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Job Photographs

  • A woman is sitting at a large table, looking at four coloured pieces of card, and a length of white material.

    Choosing fabrics to match a mood board.

  • A woman is sitting at a desk, using a computer.  She is using design software.

    Using the computer to create a fabric design.

  • A woman is standing in front of a row of shelves which are full of rolls of different coloured fabric.  She is looking at some pink fabric, which she has removed from the shelves.

    Examining a finished fabric.

  • A woman is sitting at a desk, using a computer.  She is also speaking on a telephone.

    Making note of required changes to an existing design.

  • A woman is sitting at a table, sketching onto a sheet of paper.

    Sketching designs on paper.

  • A woman is using the telephone to talk to a client.

    Discussing deadlines with a client.

  • Two women are sitting at a round table, talking.  They are also looking at some different coloured fabrics.  There are some paper documents on the table.

    Meeting with a textile technician.

  • A woman is sitting at a large table in a design studio.  She is looking at a magazine.  There is also another magazine open on the desk.

    Keeping up to date with trends by looking through magazines and brochures.

  • Textile Designer

Textile Designer

Introduction

Textile designers create designs for printed, woven and knitted fabrics, carpets and wall-coverings. As well as keeping up with current fashion trends, textile designers need to understand how textiles can be used to make things.

Also known as

  • Cloth Designer
  • Designer, Textile
  • Fabric Designer

Video: - Nick: Craft Designer

Work Activities

As a Textile Designer, you will create fabrics for cleints.

Smaller companies may get you to rework traditional designs. If you decide to work for a larger company then you could create your own designs as well as participating in projects.

When you have finished the design, you will send it to a print laboratory where a sample can be made up and passed on to the Design Director to examine and comment on.

As a Designer-Craftworker, you will usually make your own samples. You may also be responsible for preparing colourways or swatches. These are small pieces or sections of the finished article that you can show to a buying team and retailers. These give everyone involved in the design process a better idea of the appearance and texture of the final product.

Being able to read, write and speak Welsh may be an advantage when you’re looking for work in Wales.

Personal Qualities and Skills

To become a Textile Designer, you need:

  • artistic and creative skills
  • knowledge of texture, patterns, dyes and yarns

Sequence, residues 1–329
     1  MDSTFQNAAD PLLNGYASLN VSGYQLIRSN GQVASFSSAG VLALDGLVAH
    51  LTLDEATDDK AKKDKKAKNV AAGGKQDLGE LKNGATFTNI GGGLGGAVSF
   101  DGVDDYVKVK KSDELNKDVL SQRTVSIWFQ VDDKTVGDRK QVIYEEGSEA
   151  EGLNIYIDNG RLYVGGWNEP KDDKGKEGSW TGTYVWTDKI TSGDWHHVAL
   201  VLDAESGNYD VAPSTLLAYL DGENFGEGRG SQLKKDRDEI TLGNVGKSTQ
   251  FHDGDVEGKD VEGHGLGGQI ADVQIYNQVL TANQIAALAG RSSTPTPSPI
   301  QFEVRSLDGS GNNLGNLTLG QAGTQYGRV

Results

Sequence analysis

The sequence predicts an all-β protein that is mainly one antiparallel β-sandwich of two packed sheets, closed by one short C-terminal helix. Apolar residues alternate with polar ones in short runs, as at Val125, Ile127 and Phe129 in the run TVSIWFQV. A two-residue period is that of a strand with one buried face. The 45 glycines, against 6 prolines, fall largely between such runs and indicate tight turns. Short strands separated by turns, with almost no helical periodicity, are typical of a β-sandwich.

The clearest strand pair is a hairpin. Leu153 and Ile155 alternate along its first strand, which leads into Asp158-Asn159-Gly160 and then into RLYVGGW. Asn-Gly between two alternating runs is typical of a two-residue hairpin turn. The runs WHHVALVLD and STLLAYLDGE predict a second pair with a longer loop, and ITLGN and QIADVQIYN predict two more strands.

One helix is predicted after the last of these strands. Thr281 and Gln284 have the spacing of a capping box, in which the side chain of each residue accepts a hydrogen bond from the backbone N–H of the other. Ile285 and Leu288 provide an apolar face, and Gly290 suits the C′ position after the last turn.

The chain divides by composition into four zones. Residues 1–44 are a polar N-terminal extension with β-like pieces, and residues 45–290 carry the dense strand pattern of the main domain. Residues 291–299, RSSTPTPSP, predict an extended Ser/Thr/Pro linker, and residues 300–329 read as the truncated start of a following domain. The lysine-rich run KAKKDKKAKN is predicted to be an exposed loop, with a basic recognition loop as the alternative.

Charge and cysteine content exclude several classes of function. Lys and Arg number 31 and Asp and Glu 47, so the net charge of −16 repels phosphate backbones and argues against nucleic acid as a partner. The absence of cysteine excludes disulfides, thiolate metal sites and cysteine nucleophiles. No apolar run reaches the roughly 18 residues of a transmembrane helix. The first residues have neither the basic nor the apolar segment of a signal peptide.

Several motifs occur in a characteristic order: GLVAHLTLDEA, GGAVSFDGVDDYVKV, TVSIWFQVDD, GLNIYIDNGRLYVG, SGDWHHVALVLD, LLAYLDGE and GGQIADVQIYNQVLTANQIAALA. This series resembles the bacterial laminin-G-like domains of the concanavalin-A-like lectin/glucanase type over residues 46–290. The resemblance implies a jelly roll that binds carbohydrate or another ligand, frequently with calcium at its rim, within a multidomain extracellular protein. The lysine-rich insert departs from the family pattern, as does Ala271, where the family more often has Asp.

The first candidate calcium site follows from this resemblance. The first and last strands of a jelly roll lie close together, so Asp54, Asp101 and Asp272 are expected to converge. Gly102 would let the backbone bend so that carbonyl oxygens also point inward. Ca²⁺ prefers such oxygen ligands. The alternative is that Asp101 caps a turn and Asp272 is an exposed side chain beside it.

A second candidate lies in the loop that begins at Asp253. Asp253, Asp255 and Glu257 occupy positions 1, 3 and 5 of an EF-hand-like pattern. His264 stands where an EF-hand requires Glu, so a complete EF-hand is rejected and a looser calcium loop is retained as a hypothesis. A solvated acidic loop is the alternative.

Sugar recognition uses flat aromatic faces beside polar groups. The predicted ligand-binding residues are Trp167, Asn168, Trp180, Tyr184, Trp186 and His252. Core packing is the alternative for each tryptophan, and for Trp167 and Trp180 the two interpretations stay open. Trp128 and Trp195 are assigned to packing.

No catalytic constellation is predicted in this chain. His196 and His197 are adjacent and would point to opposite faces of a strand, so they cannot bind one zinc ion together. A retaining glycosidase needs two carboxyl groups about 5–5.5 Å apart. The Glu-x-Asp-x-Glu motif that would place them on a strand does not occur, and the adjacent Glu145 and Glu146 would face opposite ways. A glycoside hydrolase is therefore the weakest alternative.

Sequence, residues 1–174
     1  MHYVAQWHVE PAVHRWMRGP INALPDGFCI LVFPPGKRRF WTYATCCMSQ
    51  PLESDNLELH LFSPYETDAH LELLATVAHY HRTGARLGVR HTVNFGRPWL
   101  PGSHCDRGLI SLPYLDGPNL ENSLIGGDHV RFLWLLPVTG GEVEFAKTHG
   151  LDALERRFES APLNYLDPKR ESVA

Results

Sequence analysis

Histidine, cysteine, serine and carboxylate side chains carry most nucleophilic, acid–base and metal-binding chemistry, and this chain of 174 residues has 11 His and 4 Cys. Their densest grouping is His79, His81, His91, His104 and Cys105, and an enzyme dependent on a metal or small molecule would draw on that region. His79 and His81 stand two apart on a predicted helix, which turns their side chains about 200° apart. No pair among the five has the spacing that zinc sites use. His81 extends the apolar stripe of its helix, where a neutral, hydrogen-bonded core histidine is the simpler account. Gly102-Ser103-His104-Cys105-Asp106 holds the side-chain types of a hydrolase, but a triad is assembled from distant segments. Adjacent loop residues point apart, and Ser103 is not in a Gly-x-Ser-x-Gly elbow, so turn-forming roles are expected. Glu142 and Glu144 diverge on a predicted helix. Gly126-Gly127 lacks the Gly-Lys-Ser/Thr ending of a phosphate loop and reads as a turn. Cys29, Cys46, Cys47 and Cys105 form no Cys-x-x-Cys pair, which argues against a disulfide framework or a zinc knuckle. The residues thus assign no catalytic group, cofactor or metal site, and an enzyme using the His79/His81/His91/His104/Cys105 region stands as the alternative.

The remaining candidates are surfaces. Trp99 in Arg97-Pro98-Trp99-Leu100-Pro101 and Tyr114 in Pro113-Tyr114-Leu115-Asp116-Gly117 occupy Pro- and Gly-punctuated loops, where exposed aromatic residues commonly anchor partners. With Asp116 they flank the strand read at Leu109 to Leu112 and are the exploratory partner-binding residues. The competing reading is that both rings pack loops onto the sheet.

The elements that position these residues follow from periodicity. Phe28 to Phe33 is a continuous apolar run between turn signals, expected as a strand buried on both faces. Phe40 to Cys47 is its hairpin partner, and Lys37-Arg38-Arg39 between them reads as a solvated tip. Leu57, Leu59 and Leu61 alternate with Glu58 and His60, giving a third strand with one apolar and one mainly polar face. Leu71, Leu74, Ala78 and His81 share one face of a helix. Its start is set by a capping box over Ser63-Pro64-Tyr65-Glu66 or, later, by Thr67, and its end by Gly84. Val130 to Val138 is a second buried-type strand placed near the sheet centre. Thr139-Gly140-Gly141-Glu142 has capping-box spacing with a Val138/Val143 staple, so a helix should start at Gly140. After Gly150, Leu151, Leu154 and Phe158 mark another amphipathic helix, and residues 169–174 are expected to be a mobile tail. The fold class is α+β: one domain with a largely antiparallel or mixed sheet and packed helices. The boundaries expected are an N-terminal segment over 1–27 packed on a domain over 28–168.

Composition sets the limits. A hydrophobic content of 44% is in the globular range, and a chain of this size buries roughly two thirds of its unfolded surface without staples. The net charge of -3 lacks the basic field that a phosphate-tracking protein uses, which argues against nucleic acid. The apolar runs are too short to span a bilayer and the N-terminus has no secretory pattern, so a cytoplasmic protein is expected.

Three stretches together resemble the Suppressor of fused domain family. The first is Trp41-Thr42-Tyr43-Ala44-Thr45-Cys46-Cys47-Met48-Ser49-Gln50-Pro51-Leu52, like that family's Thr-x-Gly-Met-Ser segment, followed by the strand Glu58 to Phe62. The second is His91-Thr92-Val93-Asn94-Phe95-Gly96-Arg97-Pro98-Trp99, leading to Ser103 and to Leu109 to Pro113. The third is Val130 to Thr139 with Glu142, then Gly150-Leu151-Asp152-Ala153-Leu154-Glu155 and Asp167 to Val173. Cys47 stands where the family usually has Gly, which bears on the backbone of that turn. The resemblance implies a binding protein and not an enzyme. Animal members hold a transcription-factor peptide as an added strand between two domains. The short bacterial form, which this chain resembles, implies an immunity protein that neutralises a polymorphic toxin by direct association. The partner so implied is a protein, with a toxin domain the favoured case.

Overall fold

• an understanding of colour, shape and form
  • knowledge of design-related software
  • good communication, presentation and negotiation skills
  • to work to deadlines and budgets
  • problem-solving skills
  • good organisation and planning skills
  • to pay attention to fine detail
  • to keep up to date with new textile design developments
  • practical craft skills

Self-employed or freelance Textile Designers will need business and marketing skills.

Pay and Opportunities

Pay

The pay rates given below are approximate.

  • Starting: £24,000 - £25,000
  • With experience: £26,500 - £31,000
  • Senior Textile Designers earn £33,000 - £35,500

Hours of work

Textile Designers usually work 39 hours a week, Monday to Friday. Working hours for self-employed Textile Designers may be irregular, depending on the project you are working on. Late finishes and weekend work may be required from time to time, especially as deadlines approach.

Where could I work?

Employers include in-house design units of textile manufacturers, and specialist studios that work for a number of manufacturers.

Self-employment

Opportunities occur for Textile Designers to work as self-employed, freelance Textile Designers in consultancy and fixed-term contract work. You can obtain this work through specialist recruitment agencies.

Where are vacancies advertised?

Vacancies are advertised in design industry magazines/journals, on all the major job boards, on Find a Job, and at Jobcentre Plus.

It's a good idea to build up a network of relevant contacts, as not all textile design jobs are advertised. Making speculative job applications to potential employers can be useful.

Entry Routes and Training

Entry routes

A common route into this career is from a foundation course in art and design followed by a degree, HND or foundation degree in a subject such as textile or fashion design.

A great way to get into this career is through an internship. Take a look at our information article 'Internships', for more details.

An Intermediate or Advanced Level Apprenticeship is also a great place to start. You may be able to take an NVQ as part of your apprenticeship.Take a look at our information article 'Apprenticeships – How do I apply', for more details about applying for apprenticeship positions.

Training